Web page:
Most watch guys are interested in timepieces that are luminous, especially on the sport watch front. However, it’s a feature that’s often misunderstood. Today, we’re going to shine some light on this topic, while also rounding up our seven favorite timepieces, the best men’s watches that glow in the dark.
By learning a thing or two about glow in the dark watches, not only can you make better decisions about which types of glow are right for you, but it’ll help you take more discerning approaches when it comes to replacement parts and old watches.
Let’s start by highlighting a few timepieces!
The Best Glow in the Dark Watches: Seven of Our Faves
Here are our picks for the best men’s watches that glow in the dark
- Timex Men's Expedition Scout 40 Watch
- Luminox Navy Seal 3500 Series
- Tudor Pelagos LHD
- Casio Pro Trek
- Seiko Prospex Padi Samurai
- Victorinox Swiss Army Night Vision Watch
This rugged casual watch comes in a few colorways. The face is a bit crowded, but doesn’t take away from its legibility, and it looks exquisite when lit up with the greenish-blue Indiglo backlight! Press the crown to get a 3-second light up, or hold it down for a few seconds to activate the Indiglo night-mode, which can last around 3 hours.
Loved by the tool watch community because of its multi-layered dial and bulky but lightweight carbon construction, the Luminox Navy Seals boasts a tritium tube-powered glow. It doesn’t need recharging like a photoluminescent watch, and it sports an exciting mix of blue and orange glows.
The Tudor Pelagos LHD is a handsome diver and a certified chronometer. It sports one of the brightest glows in the Rolex family thanks to its fully lumed bezel insert. Of course, it’s equipped with Rolex’s signature blue Chromalight for its bezel markers.
A genuine survivalist watch with a fun maximalist aesthetic, the Casio Pro Trek has a double LED light for its face and backlight. It’s impressively specific, illuminating all of the precise details on the dial. With its auto-illumination feature, you can activate the glow by simply turning your wrist to look at the display. The Pro Trek also has a beautiful afterglow.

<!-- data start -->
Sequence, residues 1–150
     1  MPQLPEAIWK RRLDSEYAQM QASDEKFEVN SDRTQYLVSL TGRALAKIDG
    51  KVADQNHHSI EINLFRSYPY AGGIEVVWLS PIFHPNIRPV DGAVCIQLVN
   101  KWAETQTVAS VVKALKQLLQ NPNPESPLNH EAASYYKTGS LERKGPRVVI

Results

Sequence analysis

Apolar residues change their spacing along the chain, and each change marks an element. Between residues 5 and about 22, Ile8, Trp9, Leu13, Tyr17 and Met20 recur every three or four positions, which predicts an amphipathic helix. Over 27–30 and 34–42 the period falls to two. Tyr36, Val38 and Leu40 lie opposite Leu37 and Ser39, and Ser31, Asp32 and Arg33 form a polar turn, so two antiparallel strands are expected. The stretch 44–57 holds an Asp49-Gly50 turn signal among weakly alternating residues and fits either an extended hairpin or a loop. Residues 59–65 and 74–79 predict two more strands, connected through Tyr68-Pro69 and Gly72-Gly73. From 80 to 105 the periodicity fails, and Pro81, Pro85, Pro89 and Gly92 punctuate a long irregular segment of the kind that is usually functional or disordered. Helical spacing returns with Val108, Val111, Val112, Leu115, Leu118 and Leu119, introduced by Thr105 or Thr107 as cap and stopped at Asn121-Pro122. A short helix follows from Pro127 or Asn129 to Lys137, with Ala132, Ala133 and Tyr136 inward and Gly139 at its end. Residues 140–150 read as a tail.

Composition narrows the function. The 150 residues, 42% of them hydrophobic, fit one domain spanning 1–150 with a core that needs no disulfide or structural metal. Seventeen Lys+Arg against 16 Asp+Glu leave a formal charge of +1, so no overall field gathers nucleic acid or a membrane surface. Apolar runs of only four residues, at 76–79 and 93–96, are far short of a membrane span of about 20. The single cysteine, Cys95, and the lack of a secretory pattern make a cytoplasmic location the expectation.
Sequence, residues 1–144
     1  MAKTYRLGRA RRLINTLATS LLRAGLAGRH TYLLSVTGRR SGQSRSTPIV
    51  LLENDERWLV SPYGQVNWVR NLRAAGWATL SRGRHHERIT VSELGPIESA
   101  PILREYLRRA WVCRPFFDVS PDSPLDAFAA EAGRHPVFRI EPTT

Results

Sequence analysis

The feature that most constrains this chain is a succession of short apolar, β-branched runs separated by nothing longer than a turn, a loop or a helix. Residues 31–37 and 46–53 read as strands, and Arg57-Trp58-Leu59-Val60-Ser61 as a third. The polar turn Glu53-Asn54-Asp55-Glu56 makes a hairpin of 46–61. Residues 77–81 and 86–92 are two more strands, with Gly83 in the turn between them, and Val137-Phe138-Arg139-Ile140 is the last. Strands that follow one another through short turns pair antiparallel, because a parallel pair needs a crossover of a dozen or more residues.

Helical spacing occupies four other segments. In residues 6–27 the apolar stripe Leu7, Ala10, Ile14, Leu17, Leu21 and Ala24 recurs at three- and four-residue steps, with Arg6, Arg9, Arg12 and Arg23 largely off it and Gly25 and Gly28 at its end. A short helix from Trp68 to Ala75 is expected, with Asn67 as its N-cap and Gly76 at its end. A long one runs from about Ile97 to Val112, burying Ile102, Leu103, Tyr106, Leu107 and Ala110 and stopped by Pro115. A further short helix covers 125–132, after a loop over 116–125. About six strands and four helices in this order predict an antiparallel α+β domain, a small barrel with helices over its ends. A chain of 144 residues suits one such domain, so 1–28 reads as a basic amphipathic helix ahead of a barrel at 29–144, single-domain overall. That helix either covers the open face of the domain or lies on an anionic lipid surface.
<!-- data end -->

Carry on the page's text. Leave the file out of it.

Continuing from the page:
Seiko’s Lumibrite is a lot like Super-Luminova. It lasts a good five hours in the dark and is environmentally friendly. The Prospex Padi Samurai is special because it features fat rhomboid indices, a triangular 12 marker, and the iconic samurai hour hand. All generously sized, they can carry far more glow than the average diver.
The Victorinox Swiss Army Night Vision features a practical but chic soft blue light to match its sleek and functional design. A unique addition is its SOS mode, which causes the light to strobe at 150 per minute. This is definitely a useful security feature, but also a pretty cool party trick.
What makes a watch glow in the dark? The history of luminous watches
Radium on Vintage Watches: Are they safe?
Radium was discovered in 1898 in Paris, and by the 1910s, it was used to add glow to watches. Painting radium watches became a glamorous gig for women in the ‘20s.
Of course, we would later discover the negative effects of radium, and it was fully banned by 1968. Until then, Panerai provided the radium-lumed Radiomir to the Italian Navy. Rolex gradually started lowering radium levels starting in 1957.
If a vintage watch has been on and off the market, the radium-painted parts could have already been replaced. Watch dials with aggressive radium will leave small stain specs, or even eat up the top layer, leaving it rusted looking.
As recently as just a few years ago, the universal understanding among vintage watch collectors is that radium-glow timepieces are mostly safe, even safe enough to be tinkered with from the back. “Just don’t sniff or lick it,” we were told.
However, new studies show that if these radium-glow watches aren’t kept in a well-ventilated area, it may produce a radioactive element called radon.
Though, it’s worth mentioning that people who collect vintage watches don’t necessarily get sick at higher levels than those who don’t.
If you want to be extra careful, you can do one of three things:
- Invest in a radon detector for the room where you keep your collection.
- Invest in a device called a geiger counter, which you can use to measure radioactivity in old watches.